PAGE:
If I were to try to do all this myself, using a local printer, or trying to print the cards myself on my own color laser printer, the project would surely yield out-of-pocket and internal labor costs well in excess of $1 per card.

Instead I don’t have to do any work at all.  Yes, I have to prepare two PDF files, and I have to send three data files to the vendor.  And I have to pay them $620 to get 1000 cards mailed.  But it’s super easy compared with trying to do it myself.

My reason for telling you this is, if you ever decide you need to mail out post cards, this is the way to do it.

Now, having somehow kept you from falling asleep all the way down to this part of the blog article … I will invite your comments on the actual cards that I mailed out last week.  I prepared two distinct card designs — one with attendee quotes from a recent seminar, and another with agenda topics.  I sent the first card to 1000 registered practitioners in Silicon Valley and I sent the second card to another 1000 registered practitioners in Silicon Valley.  You can see them above.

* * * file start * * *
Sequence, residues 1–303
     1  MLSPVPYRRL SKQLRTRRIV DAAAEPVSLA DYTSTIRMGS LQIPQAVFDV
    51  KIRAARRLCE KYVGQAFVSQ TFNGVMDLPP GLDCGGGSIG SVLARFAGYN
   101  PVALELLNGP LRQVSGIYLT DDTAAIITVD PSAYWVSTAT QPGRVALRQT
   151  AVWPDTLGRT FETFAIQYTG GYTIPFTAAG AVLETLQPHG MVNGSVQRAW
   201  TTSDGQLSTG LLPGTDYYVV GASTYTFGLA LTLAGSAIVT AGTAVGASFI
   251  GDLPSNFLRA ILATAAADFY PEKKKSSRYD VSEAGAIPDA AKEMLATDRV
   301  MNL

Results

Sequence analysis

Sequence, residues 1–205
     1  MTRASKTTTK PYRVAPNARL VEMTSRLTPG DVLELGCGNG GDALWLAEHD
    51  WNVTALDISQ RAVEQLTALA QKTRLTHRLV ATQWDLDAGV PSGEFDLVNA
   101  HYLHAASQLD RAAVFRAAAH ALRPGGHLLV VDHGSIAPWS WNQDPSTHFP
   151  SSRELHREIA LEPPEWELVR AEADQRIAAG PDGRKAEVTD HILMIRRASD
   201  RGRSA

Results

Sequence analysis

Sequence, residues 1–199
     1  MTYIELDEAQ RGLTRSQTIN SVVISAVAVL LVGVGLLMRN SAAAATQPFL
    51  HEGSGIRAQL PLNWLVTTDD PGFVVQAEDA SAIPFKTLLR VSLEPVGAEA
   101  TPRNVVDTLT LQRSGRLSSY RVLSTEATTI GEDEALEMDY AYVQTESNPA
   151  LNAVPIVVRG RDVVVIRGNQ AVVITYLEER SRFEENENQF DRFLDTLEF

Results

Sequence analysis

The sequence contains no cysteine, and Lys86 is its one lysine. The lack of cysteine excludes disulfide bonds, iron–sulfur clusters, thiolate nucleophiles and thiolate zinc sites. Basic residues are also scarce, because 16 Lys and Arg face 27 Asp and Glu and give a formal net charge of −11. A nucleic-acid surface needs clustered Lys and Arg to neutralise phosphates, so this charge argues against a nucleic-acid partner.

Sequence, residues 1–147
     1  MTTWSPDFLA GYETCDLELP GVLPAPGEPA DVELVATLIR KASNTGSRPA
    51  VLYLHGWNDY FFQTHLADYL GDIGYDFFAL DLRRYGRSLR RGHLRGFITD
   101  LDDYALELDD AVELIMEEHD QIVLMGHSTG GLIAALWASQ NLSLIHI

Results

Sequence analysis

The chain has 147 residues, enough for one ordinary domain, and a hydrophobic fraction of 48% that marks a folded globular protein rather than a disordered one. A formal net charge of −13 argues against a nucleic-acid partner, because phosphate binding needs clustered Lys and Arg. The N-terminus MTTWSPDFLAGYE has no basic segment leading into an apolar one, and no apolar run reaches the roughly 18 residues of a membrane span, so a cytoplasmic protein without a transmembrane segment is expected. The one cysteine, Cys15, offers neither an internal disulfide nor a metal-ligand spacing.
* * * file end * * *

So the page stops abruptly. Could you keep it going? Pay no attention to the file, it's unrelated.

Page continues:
The cards have coupon codes on them for the reader to get $100 off the registration price for the seminar.  Two different codes, one for each card.  So I will know whether one card or the other yields more registrations.

My question for you the long-suffering reader is … do you think one card or the other, had it landed in your mailbox, would be more likely to prompt you to sign up?  Do you think one card or the other, had it landed in your mailbox, would be more likely to get tossed immediately into the trash?